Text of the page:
2. At least 21 credits in college-level mathematics courses. These courses must include intermediate calculus and linear algebra, with an average of at least B. Note that before taking the mathematics courses that go toward the master’s degree, students must have a total of 36 credits in college-level mathematics.

3. Two letters of recommendation.

Requirements for the Degree

1. Candidates in this program have two advisors, one in the Department of Secondary Education & Youth Services and one in the Department of Mathematics. The Education Advisor should be consulted first to plan out the required coursework.

2. Students must take 15 credits in mathematics and 15 credits in Secondary Education. Note that the coursework in mathematics usually includes study in the History of Mathematics, Probability and Statistics, and Geometry. Students must consult their advisor to plan an appropriate course of study.

3. Students are required to pass an oral examination in mathematics. This exam is given by two of the student’s professors and is based on the content of the two courses. The student may decide on the professors and submits a request to the Mathematics Advisor who then schedules the oral examination

 

Graduate Course Descriptions

Jump to Mathematics Level: 500 600700

Mathematics 500 Level Courses

Math 503
MATH 503. Mathematics from an Algorithmic Standpoint. 3 hr. 3 cr.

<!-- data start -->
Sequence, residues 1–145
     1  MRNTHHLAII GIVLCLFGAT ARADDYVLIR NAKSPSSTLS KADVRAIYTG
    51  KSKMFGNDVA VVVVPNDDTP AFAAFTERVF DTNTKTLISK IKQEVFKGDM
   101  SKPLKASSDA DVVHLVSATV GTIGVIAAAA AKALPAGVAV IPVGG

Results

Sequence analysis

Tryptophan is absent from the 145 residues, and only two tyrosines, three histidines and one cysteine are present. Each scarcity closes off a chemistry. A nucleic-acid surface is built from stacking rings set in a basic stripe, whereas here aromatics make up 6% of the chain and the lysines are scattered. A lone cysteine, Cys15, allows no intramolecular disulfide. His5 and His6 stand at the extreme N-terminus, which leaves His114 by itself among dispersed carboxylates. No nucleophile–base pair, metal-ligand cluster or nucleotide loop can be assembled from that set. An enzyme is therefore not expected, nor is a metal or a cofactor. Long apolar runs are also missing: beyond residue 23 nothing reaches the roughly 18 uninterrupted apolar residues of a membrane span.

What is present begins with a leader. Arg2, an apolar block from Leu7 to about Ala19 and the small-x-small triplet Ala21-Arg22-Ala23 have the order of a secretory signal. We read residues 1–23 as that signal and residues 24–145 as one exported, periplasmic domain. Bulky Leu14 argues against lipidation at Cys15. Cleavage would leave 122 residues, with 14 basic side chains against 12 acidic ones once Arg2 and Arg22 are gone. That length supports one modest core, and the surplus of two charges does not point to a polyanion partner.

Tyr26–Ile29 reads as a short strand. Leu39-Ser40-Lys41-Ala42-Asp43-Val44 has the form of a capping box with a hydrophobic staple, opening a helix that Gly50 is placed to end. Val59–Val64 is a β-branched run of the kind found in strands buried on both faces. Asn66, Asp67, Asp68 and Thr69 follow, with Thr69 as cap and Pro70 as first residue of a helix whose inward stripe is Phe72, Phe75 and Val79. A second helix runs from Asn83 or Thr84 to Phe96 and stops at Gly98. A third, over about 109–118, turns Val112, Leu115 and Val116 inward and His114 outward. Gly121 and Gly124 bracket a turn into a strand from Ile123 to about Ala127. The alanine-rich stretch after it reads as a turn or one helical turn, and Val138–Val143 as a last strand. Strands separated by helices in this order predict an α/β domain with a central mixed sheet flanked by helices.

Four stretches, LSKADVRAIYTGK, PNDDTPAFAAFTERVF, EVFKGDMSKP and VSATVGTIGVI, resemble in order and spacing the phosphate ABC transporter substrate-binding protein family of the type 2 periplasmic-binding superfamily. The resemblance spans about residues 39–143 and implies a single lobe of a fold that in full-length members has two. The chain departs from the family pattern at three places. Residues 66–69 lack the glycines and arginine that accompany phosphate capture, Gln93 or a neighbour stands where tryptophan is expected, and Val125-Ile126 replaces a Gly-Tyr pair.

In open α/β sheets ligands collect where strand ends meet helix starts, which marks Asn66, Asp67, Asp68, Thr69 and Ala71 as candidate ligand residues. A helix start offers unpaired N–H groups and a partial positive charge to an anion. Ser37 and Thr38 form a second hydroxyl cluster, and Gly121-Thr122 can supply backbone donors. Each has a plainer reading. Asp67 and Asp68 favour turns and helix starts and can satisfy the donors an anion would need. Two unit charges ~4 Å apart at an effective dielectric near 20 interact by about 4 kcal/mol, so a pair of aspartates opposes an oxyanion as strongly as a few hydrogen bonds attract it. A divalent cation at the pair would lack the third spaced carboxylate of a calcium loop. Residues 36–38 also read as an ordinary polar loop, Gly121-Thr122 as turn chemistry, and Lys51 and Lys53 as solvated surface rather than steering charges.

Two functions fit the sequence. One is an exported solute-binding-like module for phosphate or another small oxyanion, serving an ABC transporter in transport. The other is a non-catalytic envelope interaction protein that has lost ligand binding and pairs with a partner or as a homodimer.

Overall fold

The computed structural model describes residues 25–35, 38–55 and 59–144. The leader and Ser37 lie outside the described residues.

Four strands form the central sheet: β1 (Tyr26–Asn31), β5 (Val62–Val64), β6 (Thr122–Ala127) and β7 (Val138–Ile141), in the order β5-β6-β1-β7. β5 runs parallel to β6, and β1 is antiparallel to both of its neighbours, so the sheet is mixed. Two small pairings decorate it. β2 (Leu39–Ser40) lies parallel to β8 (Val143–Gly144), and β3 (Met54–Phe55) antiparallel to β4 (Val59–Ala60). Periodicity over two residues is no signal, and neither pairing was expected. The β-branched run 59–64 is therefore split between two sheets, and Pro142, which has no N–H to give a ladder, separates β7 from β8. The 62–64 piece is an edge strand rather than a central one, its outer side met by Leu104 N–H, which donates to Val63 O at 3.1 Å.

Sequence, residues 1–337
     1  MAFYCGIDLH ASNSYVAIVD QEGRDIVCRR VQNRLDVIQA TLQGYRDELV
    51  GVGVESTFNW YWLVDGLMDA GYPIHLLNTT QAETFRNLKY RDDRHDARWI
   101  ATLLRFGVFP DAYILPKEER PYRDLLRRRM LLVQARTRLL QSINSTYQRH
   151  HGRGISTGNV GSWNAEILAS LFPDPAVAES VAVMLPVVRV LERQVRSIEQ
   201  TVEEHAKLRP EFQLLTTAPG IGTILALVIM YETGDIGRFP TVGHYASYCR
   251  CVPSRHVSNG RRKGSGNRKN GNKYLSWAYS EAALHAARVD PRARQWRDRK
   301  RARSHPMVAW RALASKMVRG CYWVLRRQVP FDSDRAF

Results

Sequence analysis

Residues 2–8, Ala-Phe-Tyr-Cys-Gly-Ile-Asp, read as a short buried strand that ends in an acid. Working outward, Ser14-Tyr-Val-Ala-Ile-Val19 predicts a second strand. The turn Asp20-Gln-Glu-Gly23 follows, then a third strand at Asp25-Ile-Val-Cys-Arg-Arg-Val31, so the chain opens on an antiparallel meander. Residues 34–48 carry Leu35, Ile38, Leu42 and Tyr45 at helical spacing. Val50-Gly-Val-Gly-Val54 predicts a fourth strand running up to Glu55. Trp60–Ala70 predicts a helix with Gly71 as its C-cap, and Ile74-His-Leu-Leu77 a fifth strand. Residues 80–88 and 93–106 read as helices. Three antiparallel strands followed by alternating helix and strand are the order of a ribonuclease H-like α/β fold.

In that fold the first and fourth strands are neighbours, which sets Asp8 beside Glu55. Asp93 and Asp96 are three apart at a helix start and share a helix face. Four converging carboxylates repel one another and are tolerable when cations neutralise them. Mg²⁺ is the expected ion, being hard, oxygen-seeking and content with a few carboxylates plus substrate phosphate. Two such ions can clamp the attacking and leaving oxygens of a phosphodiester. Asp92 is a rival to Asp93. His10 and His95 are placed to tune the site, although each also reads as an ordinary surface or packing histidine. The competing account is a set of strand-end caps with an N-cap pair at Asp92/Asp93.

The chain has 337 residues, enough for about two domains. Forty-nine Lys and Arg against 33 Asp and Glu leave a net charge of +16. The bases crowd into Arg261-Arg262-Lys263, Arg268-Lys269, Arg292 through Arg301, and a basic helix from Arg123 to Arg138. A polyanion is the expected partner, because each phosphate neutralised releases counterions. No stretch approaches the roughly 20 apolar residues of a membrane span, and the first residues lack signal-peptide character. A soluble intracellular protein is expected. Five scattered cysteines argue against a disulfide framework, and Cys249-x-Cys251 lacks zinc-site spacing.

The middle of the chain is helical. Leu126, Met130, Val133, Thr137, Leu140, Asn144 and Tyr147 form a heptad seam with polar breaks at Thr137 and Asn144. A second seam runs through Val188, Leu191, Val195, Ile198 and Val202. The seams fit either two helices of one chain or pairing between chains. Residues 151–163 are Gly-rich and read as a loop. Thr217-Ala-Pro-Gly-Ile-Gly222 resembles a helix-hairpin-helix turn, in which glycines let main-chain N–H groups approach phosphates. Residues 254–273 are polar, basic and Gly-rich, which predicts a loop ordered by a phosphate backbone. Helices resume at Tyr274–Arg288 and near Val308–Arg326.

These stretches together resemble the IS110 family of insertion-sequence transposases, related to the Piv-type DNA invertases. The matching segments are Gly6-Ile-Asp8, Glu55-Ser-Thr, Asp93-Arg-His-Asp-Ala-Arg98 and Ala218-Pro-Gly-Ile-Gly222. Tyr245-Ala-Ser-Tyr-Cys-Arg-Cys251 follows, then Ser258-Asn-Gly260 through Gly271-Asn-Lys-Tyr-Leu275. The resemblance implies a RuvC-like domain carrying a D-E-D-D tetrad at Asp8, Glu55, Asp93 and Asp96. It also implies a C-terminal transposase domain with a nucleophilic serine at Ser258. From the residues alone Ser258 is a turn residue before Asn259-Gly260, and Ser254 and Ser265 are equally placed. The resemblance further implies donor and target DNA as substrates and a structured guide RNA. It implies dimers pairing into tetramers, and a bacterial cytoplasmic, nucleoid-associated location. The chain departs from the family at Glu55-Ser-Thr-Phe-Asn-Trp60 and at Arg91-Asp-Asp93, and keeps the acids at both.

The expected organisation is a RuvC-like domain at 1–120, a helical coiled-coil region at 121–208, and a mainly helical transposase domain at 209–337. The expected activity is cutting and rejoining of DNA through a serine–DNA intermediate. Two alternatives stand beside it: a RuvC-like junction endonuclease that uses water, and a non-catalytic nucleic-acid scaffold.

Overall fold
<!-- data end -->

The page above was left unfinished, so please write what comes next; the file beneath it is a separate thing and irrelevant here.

Prereq.: One year of calculus.
An algorithmic approach to a variety of problems in high school and college mathematics. Experience in programming is not necessary. Topics may include problems from number theory, geometry, calculus and numerical analysis, combinatorics and probability, and games and puzzles. This course aims at a better understanding of mathematics by means of concrete, constructive examples of mathematical concepts and theorems. This course may not be credited toward the degree of Master of Arts in Mathematics, except with the special permission of the Chair of the Mathematics Department.
Math 505
MATH 505. Mathematical Problem-Solving. 3 hr.; 3 cr.
Prereq. or coreq.: One year of college mathematics.
Not open to students who are taking or who have received credit for MATH205. This course presents techniques and develops skills for analyzing and solving problems mathematically and for proving mathematical theorems. Students will learn to organize, extend, and apply the mathematics they know and, as necessary, will be exposed to new ideas in areas such as geometry, number theory, algebra, combinatorics, and graph theory. This course may not be credited toward the Master of Arts degree in Mathematics.
Math 509
MATH 509. Set Theory and Logic. 3 hr.; 3 cr.
Prereq.: One year of calculus or permission of instructor. Propositional logic and truth tables. Basic intuitive ideas of set theory: cardinals, order types, and ordinals. May not be credited toward the Master of Arts degree in Mathematics.
Math 518

MATH 518. College Geometry. 3 hr.; 3 cr. (Syllabus)
Prereq.: One course in linear algebra.
Advanced topics in plane geometry, transformation geometry. Not open to candidates for the Master of Arts degree in Mathematics.

Math 524

MATH 524. History of Mathematics. 3 hr.; 3 cr. (Syllabus)
Prereq. or coreq.: Mathematics 201.
Not open to candidates for the Master of Arts degree in Mathematics.

Math 525

MATH 525. History of Modern Mathematics. 3 hr.; 3 cr.
Prereq.: Mathematics 524 or permission of instructor.
Selected topics from the history of nineteenth- and twentieth-century mathematics, e.g., topology, measure theory, paradoxes and mathematical logic, modern algebra, non-Euclidean geometries, foundations of analysis. May not be credited toward the Master of Arts degree in Mathematics.